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About the History of Hosiery Manufacturers

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In Germany, the beginning of the craft or business of producing knit and warp-knit goods lies in the late middle ages. At that time, cooperative guilds joined forces with the goal of acquiring large amounts of yarn, dying them together, and then selling them at lower prices.

Beginning in the 16th century, as with other crafts, trade guilds began to form. The first known knitting trade guild was established in Paris on August 16, 1527. Knitting became a predominantly male occupation.


Depiction of "Lismers" - since the late middle ages, stocking knitters in Germany were called Lismers.

German knitters established their first trade guild in Berlin in 1590 - the pants knitting trade guild. At this time, stockings and pants were still one unit and were produced like tights. A Strasbourg-based knitting trade guild from 1535 mentions pants which were originally produced in two pieces.


Emblem of the Berlin Weaving and Knitting Guild.


Emblem of a pants knitter from the Nuremberg craft guilds, app. 1680.

200 years later, in 1744, the following is noted in J.H. Zedler's encyclopedia: "Stocking or cap knitters have a wonderful craft, which is well organized and well established in Bohemia, Hungary, Moravia, Austria and Saxony, but especially in the region of the Oberlausitz..." They also write: "He must create a beautiful carpet, artistic like a painting and pierced with many colors; a quilted shirt or camisole, without sewing; a pair of fine, thick stockings; gloves and a cap for men and women..."


Copper etching of hosiery knitting in Germany, 1698.

With the persecution of the Huguenots after the repeal of the Edict of Nantes in 1685 by Louis XIV. (1643-1715), almost half a million Protestants fled from France and settled in the Protestant areas of Germany - among them, many stocking makers.


Emblem of the Stuttgart Stocking Knitters, app. 1750.

The French immigrants brought along not only their knitting frames, but also the newest techniques of warp-knitting.


Emblem of the Apolda Warp-Knitting Association.

The first areas settled by the Huguenots were in Württemberg. After only a short time, there were 300 knitting frames in Württemberg, and about 400 adult workers, and a small number of children, who used them.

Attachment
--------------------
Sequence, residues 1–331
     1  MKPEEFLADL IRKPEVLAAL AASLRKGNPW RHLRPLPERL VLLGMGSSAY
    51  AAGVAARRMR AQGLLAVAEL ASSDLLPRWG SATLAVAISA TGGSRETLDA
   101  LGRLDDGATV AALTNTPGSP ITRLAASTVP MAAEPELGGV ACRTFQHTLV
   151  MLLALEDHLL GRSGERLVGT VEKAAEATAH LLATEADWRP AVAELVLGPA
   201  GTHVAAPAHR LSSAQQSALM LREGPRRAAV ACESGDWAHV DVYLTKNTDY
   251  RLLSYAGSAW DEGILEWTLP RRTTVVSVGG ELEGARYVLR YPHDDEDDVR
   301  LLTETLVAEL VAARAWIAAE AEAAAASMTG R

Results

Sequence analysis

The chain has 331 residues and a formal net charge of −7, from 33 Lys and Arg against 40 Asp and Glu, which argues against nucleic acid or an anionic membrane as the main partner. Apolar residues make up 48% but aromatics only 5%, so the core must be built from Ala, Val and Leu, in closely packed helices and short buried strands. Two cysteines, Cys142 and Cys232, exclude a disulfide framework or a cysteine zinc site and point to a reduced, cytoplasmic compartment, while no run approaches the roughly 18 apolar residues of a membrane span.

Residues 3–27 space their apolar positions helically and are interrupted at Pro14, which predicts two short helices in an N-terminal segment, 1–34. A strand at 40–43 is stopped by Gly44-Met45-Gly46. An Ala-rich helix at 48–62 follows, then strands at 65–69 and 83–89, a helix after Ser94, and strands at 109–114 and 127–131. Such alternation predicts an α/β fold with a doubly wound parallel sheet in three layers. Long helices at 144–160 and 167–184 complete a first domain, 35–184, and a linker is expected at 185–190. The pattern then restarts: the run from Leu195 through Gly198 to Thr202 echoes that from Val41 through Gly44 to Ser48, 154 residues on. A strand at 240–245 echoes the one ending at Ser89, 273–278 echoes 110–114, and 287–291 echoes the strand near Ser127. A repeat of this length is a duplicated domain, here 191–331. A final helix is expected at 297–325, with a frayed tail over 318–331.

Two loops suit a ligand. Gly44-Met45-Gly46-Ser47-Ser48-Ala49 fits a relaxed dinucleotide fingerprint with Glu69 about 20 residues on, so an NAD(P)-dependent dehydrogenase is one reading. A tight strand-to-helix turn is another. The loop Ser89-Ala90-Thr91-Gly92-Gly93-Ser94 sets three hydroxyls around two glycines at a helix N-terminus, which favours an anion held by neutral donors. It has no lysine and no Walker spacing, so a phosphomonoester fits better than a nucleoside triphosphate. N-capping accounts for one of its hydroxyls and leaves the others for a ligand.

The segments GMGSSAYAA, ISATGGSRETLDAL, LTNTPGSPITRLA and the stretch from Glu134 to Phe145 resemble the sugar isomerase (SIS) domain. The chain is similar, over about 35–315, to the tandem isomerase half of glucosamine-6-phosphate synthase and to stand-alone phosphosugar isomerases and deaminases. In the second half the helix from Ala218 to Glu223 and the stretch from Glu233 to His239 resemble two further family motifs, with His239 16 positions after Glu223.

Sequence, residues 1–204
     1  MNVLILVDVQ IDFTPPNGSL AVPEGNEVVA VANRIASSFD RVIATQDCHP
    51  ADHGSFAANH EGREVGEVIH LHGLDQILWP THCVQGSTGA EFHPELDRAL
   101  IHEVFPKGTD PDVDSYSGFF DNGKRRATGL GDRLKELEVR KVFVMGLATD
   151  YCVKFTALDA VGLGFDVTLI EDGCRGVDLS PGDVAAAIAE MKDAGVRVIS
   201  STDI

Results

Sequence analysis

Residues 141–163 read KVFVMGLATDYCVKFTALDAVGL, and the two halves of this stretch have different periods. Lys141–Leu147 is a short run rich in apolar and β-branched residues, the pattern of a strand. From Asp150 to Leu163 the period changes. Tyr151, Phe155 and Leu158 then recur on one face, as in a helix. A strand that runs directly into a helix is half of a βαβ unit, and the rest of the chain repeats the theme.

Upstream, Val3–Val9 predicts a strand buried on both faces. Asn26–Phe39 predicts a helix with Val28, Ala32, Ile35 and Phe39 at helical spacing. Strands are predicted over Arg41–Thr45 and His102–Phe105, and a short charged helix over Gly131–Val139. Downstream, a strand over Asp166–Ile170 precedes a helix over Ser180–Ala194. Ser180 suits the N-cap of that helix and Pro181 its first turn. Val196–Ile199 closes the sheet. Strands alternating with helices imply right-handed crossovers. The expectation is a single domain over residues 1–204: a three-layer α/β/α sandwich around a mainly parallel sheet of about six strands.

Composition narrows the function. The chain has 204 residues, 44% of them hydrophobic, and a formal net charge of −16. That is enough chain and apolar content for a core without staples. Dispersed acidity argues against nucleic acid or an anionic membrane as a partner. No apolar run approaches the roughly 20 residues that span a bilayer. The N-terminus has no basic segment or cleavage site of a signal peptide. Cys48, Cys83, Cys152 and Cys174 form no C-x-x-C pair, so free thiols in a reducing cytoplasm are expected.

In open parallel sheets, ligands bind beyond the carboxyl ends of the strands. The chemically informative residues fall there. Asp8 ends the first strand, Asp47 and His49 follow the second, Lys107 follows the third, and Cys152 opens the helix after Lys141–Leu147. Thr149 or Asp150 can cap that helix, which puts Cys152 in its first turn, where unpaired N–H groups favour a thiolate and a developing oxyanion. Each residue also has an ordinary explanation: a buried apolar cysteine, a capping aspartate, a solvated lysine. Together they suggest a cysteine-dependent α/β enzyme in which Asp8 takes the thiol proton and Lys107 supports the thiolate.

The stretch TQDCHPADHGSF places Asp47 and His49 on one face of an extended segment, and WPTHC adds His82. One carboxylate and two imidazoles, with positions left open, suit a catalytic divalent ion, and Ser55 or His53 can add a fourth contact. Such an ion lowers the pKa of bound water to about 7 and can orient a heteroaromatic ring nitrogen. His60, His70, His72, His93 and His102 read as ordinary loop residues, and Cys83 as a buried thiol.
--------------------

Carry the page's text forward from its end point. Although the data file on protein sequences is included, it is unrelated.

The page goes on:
Emblem of the Gelenau Stocking-Knitter guild, 1842.

Towards the end of the 17th century, warp-knitting spread throughout Württemberg, Hesse, Bavaria, Thuringia, Saxony and Brandenburg - the stocking mills of Schwabach, Berlin and Erlangen soon became known. The first factories were established in Berlin and Apolda.

The area around Chemnitz expanded into one of the largest centers of stocking production.


Emblem of the Landau Stocking Knitters, app. 1750.

The hosiery knitting industry developed very quickly, but it was still based on the trade guild system. There was steep competition between many stocking makers, which led to the enactment of a "stocking maker" ordinance. The three-year training period of apprentices was increased to four years, and the number of knitting frames allowed per master was set at three for coarse wares and one for fine wares. High standards for the masterpiece, compulsory travel and high fees were supposed to make it difficult to establish autonomous businesses within the guild.


Copper etching of the crafts stocking knitting, and stocking warp-knitting, 1803.

The "stocking maker" ordinance was the last attempt to counter the approaching new economic system of manufacturing.


Ordinance on the labeling of quality stockings, 1769.

With England as an example, Germany implemented the wholesaling system more and more. In this system, the wholesaler was in charge of sales and distribution, and he had several workers who used knitting frames either financed or leased by him. This way, the regulations of the guild did not have to be followed.


Ordinance on the labeling of quality stockings, 1769.